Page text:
Story by H.M. Cauley. Photos by Jenni Girtman.
It’s not possible to feast on a rib eye at Abattoir, sip a cocktail at JCT Kitchen’s open-air bar or watch a dance performance at the Goat Farm without frequent reminders of the Atlanta Westside’s past. The rumble of the CSX freight trains harks back to the days when this district between Howell Mill Road on the east and Marietta Boulevard on the west was strictly an industrial zone.
Even the names of buildings (White Provisions) and restaurants (Abattoir and Miller Union) evoke the late 1880s, when slaughterhouses, factories and warehouses — not shops and homes — were the primary attractions. Today, the Westside has capitalized on its history by reworking those structures into destinations for diners, shoppers and arts enthusiasts.
Those historical reminders distinguish the Westside from neighboring West Midtown, dominated by Technology Square, student condominiums and the coffeehouse/bookstore culture that caters to the Georgia Tech crowd. The streetscape also sets Westside apart from the nearby outdoor mall Atlantic Station, which brings shoppers to Dillard’s and H&M. The Westside’s rejuvenated structures provide homes to entrepreneurs, artisans and some of the city’s top restaurateurs.
In the later part of the 1880s, the Westside was anchored by the E. Van Winkle Gin and Machine Works, one of the state’s largest manufacturing centers. In its heyday, the company produced cotton gins and other cast-iron items in 15 buildings encircled by three rail lines. During World War II, production shifted to ammunition and mortars. The ruins of the plant now make up part of the artists’ enclave known as the Goat Farm (see following story on page TBD).
Another notable relic of the area’s past is the towering White Provisions Company, a 1910 structure at 1100 Howell Mill Road that takes its name from its builder, William White Jr. The building served as a distribution center for the nearby meat-packing plant and the Miller Union stockyards, located just south of White’s building along the railroad tracks. Though it fell into disrepair in the 1960s and ’70s, the building and its environs were given a makeover five years ago by Jamestown Properties, the same group transforming the old City Hall East complex into Ponce City Market. The project added 94 condominiums, retail shops, a parking deck and Abattoir and Ormsby’s restaurants.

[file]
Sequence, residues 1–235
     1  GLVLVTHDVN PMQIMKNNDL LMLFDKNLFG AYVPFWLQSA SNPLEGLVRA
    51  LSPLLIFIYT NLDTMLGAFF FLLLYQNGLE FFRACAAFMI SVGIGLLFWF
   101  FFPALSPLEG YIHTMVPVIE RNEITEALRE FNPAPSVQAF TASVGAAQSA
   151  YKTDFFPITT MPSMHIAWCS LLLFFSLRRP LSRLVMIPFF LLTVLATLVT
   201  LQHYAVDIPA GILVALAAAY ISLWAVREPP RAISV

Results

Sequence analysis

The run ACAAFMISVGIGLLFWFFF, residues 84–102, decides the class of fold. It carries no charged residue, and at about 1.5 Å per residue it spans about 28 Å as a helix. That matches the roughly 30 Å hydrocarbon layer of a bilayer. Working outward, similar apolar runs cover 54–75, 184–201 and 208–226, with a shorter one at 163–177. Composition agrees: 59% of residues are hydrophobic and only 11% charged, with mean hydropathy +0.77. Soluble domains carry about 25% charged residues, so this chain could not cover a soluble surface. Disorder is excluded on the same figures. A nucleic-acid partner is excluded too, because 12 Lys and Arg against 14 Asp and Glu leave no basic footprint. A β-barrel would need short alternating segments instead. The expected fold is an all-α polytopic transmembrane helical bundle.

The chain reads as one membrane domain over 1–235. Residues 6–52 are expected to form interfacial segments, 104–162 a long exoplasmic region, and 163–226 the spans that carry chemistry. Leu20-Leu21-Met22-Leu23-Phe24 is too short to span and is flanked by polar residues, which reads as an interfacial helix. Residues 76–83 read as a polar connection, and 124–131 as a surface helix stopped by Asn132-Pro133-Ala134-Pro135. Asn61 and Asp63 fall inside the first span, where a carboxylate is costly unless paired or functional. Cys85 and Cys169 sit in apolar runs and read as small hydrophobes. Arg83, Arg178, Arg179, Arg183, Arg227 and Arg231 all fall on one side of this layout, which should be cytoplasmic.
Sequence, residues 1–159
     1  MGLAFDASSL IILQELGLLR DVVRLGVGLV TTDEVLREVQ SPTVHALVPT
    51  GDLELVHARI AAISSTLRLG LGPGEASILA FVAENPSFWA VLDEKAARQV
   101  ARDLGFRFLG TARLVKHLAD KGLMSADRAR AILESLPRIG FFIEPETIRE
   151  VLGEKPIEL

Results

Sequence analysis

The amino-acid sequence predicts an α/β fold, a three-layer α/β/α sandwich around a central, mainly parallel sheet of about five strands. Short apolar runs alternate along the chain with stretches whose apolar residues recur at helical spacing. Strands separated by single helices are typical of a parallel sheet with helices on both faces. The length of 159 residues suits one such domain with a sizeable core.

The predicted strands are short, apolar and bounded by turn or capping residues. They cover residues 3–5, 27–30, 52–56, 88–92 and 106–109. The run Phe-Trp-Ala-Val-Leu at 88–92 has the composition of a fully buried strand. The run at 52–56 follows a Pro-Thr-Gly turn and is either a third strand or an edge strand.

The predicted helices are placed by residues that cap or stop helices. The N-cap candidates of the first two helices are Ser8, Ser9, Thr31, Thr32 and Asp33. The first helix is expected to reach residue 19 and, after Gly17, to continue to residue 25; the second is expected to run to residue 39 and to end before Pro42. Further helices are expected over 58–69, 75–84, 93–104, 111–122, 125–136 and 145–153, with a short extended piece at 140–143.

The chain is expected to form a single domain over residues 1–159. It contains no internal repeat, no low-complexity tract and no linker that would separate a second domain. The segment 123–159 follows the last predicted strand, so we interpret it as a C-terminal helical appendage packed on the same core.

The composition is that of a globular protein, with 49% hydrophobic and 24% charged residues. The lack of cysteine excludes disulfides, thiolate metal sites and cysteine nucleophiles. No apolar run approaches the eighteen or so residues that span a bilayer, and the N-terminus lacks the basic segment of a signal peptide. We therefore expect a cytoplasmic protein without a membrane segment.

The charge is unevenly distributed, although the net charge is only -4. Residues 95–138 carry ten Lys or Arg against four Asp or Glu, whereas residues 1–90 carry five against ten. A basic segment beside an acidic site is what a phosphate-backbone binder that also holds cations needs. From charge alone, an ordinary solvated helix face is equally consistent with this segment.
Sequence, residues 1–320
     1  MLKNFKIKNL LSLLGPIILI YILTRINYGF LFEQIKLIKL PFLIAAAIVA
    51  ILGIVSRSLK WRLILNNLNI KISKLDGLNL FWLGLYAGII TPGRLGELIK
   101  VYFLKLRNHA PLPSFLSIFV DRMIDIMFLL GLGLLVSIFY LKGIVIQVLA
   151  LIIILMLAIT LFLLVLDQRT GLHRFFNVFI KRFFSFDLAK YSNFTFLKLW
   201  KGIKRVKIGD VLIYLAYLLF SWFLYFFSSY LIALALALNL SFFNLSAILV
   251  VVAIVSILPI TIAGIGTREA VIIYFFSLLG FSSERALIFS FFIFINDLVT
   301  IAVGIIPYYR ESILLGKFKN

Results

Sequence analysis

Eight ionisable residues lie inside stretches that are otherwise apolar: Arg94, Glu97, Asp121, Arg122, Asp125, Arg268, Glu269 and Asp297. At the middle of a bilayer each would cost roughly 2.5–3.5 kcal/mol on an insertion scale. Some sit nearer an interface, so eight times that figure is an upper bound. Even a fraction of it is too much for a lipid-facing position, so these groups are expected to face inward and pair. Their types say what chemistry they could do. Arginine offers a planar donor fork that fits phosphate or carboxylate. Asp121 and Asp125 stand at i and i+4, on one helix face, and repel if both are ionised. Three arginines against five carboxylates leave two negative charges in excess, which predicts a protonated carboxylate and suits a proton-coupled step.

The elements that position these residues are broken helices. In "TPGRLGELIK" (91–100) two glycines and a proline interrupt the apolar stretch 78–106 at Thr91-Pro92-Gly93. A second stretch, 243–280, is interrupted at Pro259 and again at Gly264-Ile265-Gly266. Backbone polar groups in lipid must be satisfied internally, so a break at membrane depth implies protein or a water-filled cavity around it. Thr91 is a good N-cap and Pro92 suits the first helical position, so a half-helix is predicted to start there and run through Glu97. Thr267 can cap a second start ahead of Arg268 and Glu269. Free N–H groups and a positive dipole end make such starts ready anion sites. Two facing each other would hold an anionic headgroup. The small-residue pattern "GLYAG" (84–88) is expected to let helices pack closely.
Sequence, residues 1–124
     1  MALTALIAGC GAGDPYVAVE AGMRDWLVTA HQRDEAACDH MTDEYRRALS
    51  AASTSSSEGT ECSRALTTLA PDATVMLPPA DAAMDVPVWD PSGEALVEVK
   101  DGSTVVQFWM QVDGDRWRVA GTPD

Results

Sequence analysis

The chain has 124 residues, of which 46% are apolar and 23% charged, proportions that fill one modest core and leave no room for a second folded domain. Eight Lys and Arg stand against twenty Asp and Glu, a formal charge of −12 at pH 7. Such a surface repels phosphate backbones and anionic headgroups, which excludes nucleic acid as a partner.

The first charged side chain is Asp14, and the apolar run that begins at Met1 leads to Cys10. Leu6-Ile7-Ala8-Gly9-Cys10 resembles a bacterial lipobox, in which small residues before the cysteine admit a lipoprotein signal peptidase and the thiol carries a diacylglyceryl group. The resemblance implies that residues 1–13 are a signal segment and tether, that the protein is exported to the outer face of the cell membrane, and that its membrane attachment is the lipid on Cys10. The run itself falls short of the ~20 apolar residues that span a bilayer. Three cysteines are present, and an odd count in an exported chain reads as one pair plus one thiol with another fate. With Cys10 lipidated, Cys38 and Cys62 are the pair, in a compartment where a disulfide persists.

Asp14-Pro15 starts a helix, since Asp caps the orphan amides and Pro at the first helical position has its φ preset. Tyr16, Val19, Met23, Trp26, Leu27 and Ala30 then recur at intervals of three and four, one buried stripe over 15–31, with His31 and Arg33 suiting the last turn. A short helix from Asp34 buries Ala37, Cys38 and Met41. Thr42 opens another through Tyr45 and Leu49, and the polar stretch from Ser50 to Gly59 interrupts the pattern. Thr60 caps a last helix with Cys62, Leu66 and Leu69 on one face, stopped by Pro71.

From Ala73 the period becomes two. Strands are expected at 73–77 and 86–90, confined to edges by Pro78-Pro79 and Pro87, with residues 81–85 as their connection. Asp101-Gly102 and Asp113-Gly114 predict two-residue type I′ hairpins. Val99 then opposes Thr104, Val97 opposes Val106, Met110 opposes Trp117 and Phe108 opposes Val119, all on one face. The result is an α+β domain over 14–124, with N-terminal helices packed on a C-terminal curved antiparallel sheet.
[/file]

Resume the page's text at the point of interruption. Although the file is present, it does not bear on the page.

Most of the industrial spaces inside the boundaries of Marietta Boulevard on the west, Huff Road on the north, Howell Mill Road on the east and West Marietta Street on the south have been refurbished as retail or office spaces. The primary residential neighborhoods nearby are Home Park and Knight Park/Howell Station, two areas of modest bungalows that sprung up to house Westside’s working class.
Between its industrial past and present-day incarnation, the Westside enjoyed a reputation among the city’s arts and crafts crowd as the part of town where an atelier or loft came cheap. Those spaces are now few and far between. Instead, the post-recession rental boom has brought a few sleek apartments into the heart of the commercial district. The 1016 Lofts at 1016 Howell Mill Road feature concrete floors and high ceilings, while the recently opened Elan Westside (691 14th Street) offers loft floor plans in a range of size. Outfitted with upgrades such as granite counters, hardwood floors and stainless steel appliances, many of these units may be beyond the means of struggling artists, as rents range from $950 to almost $3,000.
“I don’t even call them apartments anymore,” says rental agent Joey Elia of the Above Atlanta real estate firm. “Some of them have the fit and finishes on par with a nice condo.”
But they’re not hard to lease, he adds. “For the first time that I can remember, people are asking for [the Westside]. It’s going gangbusters.”
The Westside long had a reputation for shopping off the beaten path, where the adventure lay in unearthing a dusty antique from of back room or plowing through bolts of fabrics at Forsyth’s to find just the right shade of teal. The warehouses and showrooms along Huff Road still offer those experiences, but upscale shopping increasingly defines the neighborhood.
A number of retail businesses have united under the banner of West Midtown Design District to showcase furnishings for every room of the house. They also include shops for jewelry, art, lighting, gifts and consignment buys. (Explore the options at www.westmidtowndesigndistrict.com.)
The area’s urban-hip vibe makes it a good source for upscale fashion boutiques. Guys who want to look sharp head to Sid Mashburn for the latest styles in suits and accessories. Nearby Anthropologie offers a chic selection of women’s fashions, shoes and accessories. Kids aren’t overlooked either: Sprout and its offspring, Seed Factory, offer a luxurious range of clothing and decor, from strollers and cribs to plush animals.